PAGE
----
Working overtime

When Katie Jung ’14 is stressed, she practices the stress and insomnia relief poses that her yoga teacher Katie Lowry-Chang taught her.

Jung has found her junior year to be especially stressful, when compared to other years past, and struggles to find ways to deal with it.

“It’s more challenging than I thought it would be,” Jung said. “And now we’re meeting with our deans about college and everything’s just really starting to pile up.”

Jung, who spends around five hours a night working, also believes that the culture of stress at Harvard-Westlake also adds to her stress levels.

“I think the culture adds to everyone’s individual stress levels,” Jung said. “If you aren’t stressed, it makes you feel like you’re doing something wrong.”

A publication from the Johns Hopkins Bloomberg School of Public Health suggests ways of dealing with stress, saying to “lower unrealistic expectations” and “get proper sleep.”

In order to combat her stress, Jung sleeps and makes sure that she has time for herself on the weekends.

Lizzete Medina ’14 uses a different method to avoid staying up until all hours of the night working. Most days, Medina finishes her homework during her frees and the two hours a day she spends taking the bus to and from school. This way, when she gets home she can relax.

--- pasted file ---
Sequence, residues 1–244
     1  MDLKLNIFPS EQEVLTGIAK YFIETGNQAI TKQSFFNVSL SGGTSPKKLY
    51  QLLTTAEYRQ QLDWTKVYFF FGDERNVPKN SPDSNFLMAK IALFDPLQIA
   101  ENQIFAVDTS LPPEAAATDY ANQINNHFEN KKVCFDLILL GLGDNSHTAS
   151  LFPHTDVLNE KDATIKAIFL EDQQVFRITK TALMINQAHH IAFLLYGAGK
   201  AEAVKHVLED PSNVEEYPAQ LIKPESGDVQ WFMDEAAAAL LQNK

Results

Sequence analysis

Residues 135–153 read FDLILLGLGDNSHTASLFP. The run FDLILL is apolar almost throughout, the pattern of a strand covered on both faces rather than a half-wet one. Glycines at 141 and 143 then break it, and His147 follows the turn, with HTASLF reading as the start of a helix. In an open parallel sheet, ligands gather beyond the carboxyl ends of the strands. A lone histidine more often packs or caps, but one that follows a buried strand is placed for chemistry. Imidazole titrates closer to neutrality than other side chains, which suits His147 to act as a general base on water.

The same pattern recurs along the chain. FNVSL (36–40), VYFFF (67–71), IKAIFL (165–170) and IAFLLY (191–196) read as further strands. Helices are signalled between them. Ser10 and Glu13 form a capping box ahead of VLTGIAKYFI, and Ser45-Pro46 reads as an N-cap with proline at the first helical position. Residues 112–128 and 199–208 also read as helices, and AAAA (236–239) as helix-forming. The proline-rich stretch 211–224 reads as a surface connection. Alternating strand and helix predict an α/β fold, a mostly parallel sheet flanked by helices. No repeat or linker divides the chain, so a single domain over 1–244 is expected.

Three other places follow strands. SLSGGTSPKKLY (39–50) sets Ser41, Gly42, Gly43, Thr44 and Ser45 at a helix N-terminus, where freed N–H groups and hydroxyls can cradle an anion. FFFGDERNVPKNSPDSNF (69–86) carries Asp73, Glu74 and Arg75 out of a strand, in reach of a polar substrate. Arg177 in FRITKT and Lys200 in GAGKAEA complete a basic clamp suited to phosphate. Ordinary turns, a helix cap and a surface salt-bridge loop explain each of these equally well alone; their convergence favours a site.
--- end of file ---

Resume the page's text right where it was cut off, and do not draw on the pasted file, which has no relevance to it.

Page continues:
Even though Medina typically doesn’t do homework when she gets home, she still normally only gets around six-and-a-half hours of sleep each night. She typically likes to relax when she gets home, spending most of her time on the internet or drawing.

Although Medina wouldn’t describe herself as sleep deprived, she thinks she would be less anxious if she got more sleep, because she would be more organized.

Medina said that a major cause of her stress is procrastination.

When Medina doesn’t feel like working, she tends to procrastinate by drawing.

Even though Medina regularly feels over-extended, she doesn’t understand how people pull all-nighters.

“I would rather go to bed knowing I had nothing done and suffer the consequences in the morning than pulling an all nighter, getting it done and being too tired the next day to function,” she said.

When Medina feels overwhelmed, she likes to stop working and try to calm down.

“When I’m stressed, I just give up on life and listen to music for a while,” Medina said.

School psychologist Luba Bek recognizes that stress is a problem at Harvard-Westlake, she recommends that students “avoid awfulizing” events such as bad grades.

“If something seems incredibly important and distressing, think of how important this issue will be to you in six months, a year, five years from now,” Bek said. “It puts everything in the proper perspective.”

The article “What Is Stress? How To Deal With Stress” in Medical News Today states that a major cause of stress is feeling like there is a “lack of time.” In the busy lives of students here, that is a major contributor to stress.

Covi Brannan ’15 juggles her academic load with participation in dance and theatre, which she does both in and out of school. She agrees with the article in Medical News Today, and wishes that there was more time.

“For most people, they won’t find their life in school,” she said. “They need to do other things. They need to have dance or sports or music. If they want to discover their inner self and who they are, and do this crap ton of work we’re assigned, they have to sacrifice either what they love, or what they have to do. It’s a lose-lose situation. If there was more time in the day, we’d have time to pursue what we love and have more time leftover to pursue the things required of us.”

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